Imagine a Paris with no Eiffel Tower.
It seems incredible today, but from the moment the French icon began to rise skyward, it faced widespread opposition. The newspaper Le Temps wrote that the tower "threatened French art and history," its radical design destroying the "intact beauty of Paris."
Novelist Guy de Maupassant famously ate lunch every day in the tower's restaurant because, as he put it, "It's the only place in Paris where I don't have to look at it."
American tennis star Andre Agassi famously claimed, "image is everything." Actress Jennifer Lopez sells music, clothing and perfume bearing her name. Until recently, golfer Tiger Woods' trademark smile was used to sell everything from cars to soft drinks. The pervasive nature of today's mass media has created an explosion of celebrity culture in society.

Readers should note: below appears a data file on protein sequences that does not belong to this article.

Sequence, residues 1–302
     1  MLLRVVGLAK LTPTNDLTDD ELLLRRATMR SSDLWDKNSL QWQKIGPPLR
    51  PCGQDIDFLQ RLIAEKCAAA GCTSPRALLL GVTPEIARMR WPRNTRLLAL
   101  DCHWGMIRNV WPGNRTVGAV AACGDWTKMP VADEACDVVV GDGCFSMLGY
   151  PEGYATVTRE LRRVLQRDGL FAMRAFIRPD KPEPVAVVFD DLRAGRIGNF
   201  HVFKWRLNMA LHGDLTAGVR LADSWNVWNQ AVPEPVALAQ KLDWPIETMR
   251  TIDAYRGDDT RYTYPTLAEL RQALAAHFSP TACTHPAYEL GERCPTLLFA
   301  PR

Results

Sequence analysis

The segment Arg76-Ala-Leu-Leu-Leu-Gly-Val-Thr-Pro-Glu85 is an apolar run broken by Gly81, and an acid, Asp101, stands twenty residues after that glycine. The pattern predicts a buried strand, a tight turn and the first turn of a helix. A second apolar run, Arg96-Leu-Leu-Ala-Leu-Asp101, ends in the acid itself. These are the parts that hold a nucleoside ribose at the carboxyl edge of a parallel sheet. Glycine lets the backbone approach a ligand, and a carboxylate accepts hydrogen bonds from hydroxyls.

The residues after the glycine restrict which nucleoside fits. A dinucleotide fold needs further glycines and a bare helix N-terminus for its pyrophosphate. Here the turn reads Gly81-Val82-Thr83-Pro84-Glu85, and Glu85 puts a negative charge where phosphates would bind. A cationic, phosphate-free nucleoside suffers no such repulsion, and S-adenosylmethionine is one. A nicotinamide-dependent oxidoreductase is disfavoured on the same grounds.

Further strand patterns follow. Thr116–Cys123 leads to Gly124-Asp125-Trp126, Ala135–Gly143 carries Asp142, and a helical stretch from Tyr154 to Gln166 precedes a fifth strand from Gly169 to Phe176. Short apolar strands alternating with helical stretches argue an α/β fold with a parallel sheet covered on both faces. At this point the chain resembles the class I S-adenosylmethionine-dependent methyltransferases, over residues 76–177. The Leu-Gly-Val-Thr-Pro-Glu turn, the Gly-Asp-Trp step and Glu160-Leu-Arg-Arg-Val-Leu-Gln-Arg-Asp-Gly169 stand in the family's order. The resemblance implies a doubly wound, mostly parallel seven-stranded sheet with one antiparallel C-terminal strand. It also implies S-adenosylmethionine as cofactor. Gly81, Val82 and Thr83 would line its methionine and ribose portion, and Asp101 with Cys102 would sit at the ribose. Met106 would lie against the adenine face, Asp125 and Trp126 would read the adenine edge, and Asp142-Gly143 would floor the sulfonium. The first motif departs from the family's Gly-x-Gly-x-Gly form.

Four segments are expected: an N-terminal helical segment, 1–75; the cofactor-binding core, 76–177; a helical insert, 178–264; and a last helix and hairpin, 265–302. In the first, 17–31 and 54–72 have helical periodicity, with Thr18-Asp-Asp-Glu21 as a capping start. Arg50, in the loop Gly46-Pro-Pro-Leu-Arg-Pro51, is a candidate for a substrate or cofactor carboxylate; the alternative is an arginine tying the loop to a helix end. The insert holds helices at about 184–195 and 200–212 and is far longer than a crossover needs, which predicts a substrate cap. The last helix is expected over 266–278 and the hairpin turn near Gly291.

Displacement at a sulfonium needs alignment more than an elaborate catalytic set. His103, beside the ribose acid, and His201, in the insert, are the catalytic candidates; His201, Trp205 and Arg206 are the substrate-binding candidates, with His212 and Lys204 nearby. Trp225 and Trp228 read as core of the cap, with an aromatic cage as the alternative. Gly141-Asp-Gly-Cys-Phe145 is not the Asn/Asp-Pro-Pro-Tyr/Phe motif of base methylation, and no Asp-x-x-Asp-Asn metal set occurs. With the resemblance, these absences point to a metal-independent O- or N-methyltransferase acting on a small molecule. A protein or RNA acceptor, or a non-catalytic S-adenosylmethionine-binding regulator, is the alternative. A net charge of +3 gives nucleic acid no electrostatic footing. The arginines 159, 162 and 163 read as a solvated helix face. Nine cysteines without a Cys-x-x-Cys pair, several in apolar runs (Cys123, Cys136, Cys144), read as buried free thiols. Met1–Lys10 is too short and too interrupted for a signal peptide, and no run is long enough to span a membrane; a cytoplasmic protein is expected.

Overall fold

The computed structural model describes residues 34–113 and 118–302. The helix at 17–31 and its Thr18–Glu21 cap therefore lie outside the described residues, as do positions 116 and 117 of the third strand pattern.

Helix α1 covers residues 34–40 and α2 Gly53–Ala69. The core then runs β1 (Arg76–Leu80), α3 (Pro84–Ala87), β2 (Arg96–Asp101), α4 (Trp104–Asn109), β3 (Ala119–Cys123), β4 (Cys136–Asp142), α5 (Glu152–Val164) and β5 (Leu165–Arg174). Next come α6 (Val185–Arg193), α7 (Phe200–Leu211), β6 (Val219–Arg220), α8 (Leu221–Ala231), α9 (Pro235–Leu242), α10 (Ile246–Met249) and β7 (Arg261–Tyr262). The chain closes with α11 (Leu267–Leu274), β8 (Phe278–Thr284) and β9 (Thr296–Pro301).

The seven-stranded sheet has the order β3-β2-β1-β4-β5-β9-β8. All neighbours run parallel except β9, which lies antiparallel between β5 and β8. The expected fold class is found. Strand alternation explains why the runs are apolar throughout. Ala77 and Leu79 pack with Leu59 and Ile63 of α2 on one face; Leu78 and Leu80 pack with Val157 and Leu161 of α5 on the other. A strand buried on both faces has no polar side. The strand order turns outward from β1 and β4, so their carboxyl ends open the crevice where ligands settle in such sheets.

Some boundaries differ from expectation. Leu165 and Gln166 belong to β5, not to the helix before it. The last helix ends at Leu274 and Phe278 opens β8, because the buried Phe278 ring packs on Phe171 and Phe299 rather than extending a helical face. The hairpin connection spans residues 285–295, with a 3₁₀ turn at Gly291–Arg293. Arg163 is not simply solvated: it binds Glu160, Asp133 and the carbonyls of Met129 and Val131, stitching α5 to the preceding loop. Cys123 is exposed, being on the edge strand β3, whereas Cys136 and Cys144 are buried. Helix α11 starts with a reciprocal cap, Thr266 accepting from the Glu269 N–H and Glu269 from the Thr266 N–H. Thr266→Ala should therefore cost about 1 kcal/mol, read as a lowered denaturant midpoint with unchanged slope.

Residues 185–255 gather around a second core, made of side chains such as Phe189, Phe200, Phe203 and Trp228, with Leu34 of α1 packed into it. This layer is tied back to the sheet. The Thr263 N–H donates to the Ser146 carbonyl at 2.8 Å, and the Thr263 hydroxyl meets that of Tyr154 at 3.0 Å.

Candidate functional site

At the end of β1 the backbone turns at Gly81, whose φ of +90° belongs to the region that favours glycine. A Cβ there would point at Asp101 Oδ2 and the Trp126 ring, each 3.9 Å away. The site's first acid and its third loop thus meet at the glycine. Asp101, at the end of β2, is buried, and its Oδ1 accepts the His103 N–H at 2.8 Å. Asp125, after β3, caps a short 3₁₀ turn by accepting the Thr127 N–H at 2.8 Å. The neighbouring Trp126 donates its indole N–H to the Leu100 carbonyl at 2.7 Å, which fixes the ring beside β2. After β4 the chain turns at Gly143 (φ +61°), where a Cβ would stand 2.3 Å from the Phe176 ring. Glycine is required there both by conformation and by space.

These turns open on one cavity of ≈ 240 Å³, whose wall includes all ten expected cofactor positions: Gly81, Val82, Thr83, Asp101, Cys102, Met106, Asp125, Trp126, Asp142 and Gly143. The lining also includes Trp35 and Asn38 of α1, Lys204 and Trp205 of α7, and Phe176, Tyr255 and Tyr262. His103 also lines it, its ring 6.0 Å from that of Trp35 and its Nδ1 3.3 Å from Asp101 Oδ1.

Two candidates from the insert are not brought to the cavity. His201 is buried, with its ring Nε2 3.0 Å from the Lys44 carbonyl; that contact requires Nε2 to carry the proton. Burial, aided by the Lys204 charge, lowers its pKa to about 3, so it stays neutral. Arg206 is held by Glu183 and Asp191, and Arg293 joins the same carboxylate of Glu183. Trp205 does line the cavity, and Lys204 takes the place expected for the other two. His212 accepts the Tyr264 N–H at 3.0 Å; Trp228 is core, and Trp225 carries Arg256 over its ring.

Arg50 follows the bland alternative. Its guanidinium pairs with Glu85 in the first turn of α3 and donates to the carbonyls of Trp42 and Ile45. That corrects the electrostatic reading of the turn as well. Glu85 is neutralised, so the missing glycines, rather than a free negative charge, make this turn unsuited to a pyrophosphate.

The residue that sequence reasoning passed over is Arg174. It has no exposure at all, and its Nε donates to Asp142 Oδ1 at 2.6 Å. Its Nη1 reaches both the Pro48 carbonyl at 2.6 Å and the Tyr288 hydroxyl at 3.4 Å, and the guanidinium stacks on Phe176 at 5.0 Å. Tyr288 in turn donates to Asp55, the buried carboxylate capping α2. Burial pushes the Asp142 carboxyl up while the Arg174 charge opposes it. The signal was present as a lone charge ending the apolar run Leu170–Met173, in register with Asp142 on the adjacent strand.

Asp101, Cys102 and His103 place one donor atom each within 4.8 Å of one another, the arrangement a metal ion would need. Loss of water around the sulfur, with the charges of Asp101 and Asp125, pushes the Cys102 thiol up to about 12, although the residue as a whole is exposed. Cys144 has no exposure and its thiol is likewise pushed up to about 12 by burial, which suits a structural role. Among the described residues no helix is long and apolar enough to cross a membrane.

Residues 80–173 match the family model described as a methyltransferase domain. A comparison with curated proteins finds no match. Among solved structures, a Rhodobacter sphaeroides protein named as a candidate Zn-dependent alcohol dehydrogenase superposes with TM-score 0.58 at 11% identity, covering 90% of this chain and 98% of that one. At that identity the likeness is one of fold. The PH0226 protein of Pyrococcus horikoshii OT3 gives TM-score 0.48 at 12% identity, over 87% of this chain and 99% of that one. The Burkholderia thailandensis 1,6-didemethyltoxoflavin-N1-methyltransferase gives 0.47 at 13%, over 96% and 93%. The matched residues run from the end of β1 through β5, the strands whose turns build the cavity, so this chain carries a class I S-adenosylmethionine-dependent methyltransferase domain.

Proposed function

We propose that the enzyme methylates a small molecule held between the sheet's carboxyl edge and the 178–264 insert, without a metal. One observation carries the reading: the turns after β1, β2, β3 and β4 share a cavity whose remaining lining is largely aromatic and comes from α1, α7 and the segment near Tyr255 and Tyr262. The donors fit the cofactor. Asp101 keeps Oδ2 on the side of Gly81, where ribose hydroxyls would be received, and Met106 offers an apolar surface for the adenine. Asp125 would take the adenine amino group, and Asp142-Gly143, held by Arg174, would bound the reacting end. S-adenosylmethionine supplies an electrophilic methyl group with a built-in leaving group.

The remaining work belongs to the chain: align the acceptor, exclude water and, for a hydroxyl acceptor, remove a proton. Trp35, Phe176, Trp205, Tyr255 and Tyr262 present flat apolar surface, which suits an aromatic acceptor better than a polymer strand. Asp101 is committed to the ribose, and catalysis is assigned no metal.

Image-based celebrity branding has infiltrated even the traditional world of architecture, where media savvy 'starchitects' and their signature styles have become commodities to be purchased like the latest fashions off the runways of Milan. Cities around the globe clamour to have the latest works of the hottest 'it' designer. Having one of their buildings in your skyline is seen as the equivalent of having an Armani suit in your closet. Like casting Brad Pitt to star in your movie, building owners often hire 'starchitects' to ensure a level of prestige for their projects. While this phenomenon has traditionally been the playground of global cities such as New York and Toronto, three current Winnipeg projects indicate it may have found its way to our humble city.